Fleets of the Future

Secretary of the Navy Kenneth Braithwaite visiting HMS Queen Elizabeth at sea off the coast of Flamborough, United Kingdom on Oct. 1, 2020. US Navy Photo

Several years after the Pentagon unveiled a strategy focused on countering Russia and China, the Navy this year forecasted several organizational moves meant to adjust to this policy shift.

Testifying to Congress earlier this month, Braithwaite disclosed the Navy’s plans to change the name of U.S. Fleet Forces Command to U.S. Atlantic Fleet in an effort to emphasize operations in the northern Atlantic and the Russian threat.

“To meet the unique maritime challenges of the Atlantic theater, we will rename Fleet Forces Command as the U.S. Atlantic Fleet, and we will refocus our naval forces in this important region on their original mission: controlling the maritime approaches to the United States and to those of our allies,” Braithwaite told the Senate Armed Services readiness subcommittee.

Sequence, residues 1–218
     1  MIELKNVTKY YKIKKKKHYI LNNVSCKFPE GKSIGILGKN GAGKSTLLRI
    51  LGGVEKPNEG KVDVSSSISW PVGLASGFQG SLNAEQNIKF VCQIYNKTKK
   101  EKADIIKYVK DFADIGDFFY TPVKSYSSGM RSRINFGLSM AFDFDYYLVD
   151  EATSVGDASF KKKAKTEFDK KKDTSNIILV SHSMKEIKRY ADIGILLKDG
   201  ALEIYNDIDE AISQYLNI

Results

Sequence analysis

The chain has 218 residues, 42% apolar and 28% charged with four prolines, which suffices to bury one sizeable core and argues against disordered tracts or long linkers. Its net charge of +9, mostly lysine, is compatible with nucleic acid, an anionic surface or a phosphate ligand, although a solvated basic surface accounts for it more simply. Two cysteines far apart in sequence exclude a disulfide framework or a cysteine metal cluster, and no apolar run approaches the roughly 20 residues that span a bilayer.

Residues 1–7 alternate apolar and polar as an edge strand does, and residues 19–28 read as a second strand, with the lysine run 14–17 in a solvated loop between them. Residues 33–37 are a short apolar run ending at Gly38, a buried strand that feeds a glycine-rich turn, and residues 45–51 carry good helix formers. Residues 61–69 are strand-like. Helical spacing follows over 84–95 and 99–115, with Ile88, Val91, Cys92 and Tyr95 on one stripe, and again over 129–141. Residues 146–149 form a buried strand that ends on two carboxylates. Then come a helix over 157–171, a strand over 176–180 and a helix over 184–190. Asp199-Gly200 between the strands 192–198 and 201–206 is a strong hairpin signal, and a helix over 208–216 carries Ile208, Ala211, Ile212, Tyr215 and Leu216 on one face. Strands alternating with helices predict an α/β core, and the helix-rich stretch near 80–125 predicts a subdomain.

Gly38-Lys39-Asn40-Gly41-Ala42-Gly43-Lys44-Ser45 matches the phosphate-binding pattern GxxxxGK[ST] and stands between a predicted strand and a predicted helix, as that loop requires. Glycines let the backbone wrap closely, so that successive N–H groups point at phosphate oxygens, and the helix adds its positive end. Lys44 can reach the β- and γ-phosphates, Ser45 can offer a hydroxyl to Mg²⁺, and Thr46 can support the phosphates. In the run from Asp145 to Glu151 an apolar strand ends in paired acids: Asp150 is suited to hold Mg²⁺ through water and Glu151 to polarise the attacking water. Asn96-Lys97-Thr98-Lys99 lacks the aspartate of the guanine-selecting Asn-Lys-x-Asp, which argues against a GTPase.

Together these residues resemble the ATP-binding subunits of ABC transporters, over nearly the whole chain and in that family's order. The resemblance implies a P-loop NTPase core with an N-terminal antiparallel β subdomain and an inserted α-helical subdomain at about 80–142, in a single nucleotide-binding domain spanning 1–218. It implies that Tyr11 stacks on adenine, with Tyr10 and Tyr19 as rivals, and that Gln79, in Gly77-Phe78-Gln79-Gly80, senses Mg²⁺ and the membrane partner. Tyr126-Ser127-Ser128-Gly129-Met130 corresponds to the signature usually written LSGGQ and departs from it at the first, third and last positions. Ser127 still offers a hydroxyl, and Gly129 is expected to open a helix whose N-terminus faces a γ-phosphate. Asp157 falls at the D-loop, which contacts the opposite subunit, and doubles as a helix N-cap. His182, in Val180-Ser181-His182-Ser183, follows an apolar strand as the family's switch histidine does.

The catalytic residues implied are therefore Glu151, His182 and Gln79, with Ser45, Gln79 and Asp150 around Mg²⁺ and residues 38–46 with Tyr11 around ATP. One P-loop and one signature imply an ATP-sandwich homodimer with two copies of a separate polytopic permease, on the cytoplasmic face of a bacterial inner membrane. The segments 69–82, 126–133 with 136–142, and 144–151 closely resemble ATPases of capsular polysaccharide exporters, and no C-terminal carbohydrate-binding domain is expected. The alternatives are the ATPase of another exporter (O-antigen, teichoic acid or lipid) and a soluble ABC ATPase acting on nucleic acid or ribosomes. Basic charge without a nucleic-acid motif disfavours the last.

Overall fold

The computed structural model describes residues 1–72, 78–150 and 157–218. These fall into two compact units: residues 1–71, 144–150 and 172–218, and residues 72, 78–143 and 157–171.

“The Atlantic Fleet will confront the reassertive Russian Navy, which has been deployed closer and closer to our East Coast, with a tailored maritime presence capability and lethality.”

The move comes as the Navy works to counter the increased Russian presence in the northern Atlantic. The Navy in 2018 revived U.S. 2nd Fleet amid an ongoing concern over Russia’s undersea activities.

Canadian Navy Halifax-class frigate HMCS Ville de Quebec (FFH 332), right, the Los Angeles-class fast-attack submarine USS Montpelier (SSN-765), Nimitz-class aircraft carrier USS Harry S. Truman (CVN-75) and the Ticonderoga-class guided-missile cruiser USS Normandy (CG-60) transit in formation on May 31, 2020. US Navy Photo